Can the box draw system reduce injuries in greyhound racing?

by Warren Young

Adjunct Associate Professor, School of Science, Psychology and Sport, Federation University Australia.

A typical greyhound race in Australia starts with 8 greyhounds. Historically, each dog has been allocated a starting position in a random draw, where box 1 is closest to the rail and box 8 is the furthest from the rail (Figure 1).

figure 1b
Figure 1. a greyhound racing start with box 1 closest to the inside rail.

Unlike human sprint events between 100m & 400m, greyhounds cannot be restricted to run in lanes, and this means that they will often bunch up to negotiate a bend in an attempt to chase and catch a mechanical lure (Figure 2).

Figure 2. Greyhounds bunched as they chase the lure.

This bunching can result in collisions between dogs and end in horrific falls, causing fractured bones, and sometimes requiring the victim to be euthanised (Figure 3).

Figure 3. A Collision resulting from greyhounds being too bunched.

Some greyhounds have been observed at the start of races to head straight to the inside rail, whereas others have a tendency to run out wide. The tendencies of greyhounds to have a preference to head to the rail or run wider has recently led New Zealand Greyhound racing to adopt a Preferred Box Draw (PBD) system for certain races, rather than the traditional random box draw. The concept of a PBD is still evolving, but it initially involves allowing trainers to nominate their dog’s preference in one of three categories: railer, straight, or wide runners. To accommodate these preferences, railers are allocated the inside boxes (e.g. 1 & 2), straight runners the middle box positions (e.g. 4 & 5), and wide runners the outside boxes (e.g. 7 & 8). The aim of PBD is to reduce early interference and, ultimately, injuries on the racetrack. Further refinements could include the use of actual running strategies at race starts from past races, rather than solely relying on trainers nominations.

The racing industry hopes that the PBD system might produce fairer races by catering for the greyhound’s “preferred early racing traits”. More importantly, this system has the potential to reduce collisions, racing injuries and improve greyhound welfare.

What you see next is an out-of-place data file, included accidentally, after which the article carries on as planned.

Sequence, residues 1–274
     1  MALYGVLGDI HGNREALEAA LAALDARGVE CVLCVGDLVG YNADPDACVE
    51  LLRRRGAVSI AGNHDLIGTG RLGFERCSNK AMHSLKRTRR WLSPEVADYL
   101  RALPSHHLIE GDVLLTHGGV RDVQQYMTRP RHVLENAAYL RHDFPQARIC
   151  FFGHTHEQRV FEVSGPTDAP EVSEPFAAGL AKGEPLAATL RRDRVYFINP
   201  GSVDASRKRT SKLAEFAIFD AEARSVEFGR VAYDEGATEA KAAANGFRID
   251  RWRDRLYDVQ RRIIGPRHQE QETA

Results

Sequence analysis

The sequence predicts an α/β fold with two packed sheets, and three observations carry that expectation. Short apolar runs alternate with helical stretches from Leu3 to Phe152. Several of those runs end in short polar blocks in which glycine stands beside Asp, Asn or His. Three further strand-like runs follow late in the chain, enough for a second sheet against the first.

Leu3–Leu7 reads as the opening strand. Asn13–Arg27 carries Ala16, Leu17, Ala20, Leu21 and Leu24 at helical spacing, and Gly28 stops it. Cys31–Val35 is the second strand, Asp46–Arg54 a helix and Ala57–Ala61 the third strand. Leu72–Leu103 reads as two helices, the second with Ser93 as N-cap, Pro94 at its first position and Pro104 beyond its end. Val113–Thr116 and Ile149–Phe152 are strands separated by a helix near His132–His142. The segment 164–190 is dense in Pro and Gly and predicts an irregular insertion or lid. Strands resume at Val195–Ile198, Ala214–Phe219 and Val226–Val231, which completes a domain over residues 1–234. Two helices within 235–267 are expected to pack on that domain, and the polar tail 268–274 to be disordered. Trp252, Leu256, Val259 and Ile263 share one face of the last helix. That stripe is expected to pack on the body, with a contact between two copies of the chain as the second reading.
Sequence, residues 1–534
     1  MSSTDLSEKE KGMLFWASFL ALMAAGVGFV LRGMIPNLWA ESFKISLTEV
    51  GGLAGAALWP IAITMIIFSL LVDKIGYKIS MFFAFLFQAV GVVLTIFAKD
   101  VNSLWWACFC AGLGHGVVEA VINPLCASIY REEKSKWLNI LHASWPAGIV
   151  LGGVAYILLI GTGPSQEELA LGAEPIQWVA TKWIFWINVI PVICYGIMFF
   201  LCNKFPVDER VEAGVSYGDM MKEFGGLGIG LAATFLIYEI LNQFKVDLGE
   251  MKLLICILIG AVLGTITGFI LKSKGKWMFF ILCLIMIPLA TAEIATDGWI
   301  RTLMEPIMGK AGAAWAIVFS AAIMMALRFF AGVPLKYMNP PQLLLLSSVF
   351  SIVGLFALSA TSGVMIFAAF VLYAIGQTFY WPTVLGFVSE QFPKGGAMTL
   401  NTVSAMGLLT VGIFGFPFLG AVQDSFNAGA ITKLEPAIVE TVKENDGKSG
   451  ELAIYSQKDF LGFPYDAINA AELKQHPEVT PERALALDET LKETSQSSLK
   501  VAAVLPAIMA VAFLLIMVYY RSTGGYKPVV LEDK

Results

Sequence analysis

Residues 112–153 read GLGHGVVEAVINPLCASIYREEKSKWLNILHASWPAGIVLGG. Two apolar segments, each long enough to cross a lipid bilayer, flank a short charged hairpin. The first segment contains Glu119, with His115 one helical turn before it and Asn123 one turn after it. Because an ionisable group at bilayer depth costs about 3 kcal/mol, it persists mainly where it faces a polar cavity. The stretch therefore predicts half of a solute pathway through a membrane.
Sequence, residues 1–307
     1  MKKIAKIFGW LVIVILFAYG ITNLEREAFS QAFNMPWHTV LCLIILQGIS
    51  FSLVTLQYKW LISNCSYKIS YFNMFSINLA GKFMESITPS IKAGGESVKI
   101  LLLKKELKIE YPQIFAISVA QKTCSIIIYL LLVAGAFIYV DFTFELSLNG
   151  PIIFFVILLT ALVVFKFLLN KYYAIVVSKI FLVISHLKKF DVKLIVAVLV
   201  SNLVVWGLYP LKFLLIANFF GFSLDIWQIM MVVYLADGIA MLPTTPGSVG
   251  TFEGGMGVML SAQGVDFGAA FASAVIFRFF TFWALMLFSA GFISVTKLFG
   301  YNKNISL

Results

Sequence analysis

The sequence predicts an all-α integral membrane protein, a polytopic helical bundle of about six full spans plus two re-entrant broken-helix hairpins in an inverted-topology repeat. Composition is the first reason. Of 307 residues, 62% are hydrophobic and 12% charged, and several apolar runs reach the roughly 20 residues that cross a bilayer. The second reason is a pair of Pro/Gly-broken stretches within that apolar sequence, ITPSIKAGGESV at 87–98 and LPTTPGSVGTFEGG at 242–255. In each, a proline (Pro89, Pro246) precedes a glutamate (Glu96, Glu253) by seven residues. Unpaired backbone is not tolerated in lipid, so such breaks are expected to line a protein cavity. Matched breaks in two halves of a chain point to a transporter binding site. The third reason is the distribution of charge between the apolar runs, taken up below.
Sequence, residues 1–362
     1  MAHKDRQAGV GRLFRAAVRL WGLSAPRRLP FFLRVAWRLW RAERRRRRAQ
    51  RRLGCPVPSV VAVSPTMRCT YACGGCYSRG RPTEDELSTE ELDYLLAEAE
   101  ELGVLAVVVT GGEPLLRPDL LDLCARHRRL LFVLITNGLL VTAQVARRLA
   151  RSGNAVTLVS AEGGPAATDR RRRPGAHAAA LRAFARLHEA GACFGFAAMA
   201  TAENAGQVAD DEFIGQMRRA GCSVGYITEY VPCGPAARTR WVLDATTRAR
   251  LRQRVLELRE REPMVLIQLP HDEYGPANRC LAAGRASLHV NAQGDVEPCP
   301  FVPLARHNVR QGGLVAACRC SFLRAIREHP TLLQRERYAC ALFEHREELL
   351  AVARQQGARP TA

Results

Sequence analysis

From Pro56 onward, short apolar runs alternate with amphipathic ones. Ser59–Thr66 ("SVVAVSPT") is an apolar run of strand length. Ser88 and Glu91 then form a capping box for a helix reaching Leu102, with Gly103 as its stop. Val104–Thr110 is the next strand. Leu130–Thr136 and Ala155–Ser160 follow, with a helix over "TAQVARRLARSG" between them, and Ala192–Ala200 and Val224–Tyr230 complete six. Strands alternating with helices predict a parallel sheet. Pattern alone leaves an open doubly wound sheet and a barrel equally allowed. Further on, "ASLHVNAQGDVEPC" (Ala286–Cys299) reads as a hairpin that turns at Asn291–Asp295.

What can Australia learn from the New Zealand experience?

There are some encouraging signs from recent injury data in New Zealand where a comparison was made between PBD and random box draws from races over a 9 month period (Table 1).

Preferred box draw   Random box draw
Falls 2.4 4.1
Fracture injuries 1.3 2.9
Deaths 0.1 0.4
Table 1. Comparison of preferred and random box draw races. The numbers refer to the percentage per 1000 starts.

Although the data is expressed per 1,000 starts, which is questionable, it provides some evidence that the PBD system can be safer.

The Australian greyhound racing industry is lagging behind the lead from New Zealand. Western Australia and Queensland are currently trialling the system, but their focus appears to be on making races fairer rather than injury reduction. The two biggest racing jurisdictions, NSW and Victoria are still discussing PBD or have deferred a trial. If the Australian greyhound racing industry truly cares about the welfare of greyhounds, a trial and analysis of this procedure should be fast-tracked before more dogs are severely injured or killed.

Finally, it should be kept in mind that racing cannot be made entirely safe. This is because greyhounds can’t be enforced to run in lanes or steered by a jockey. Even newly developed straight tracks continue to host races where greyhounds are hurt.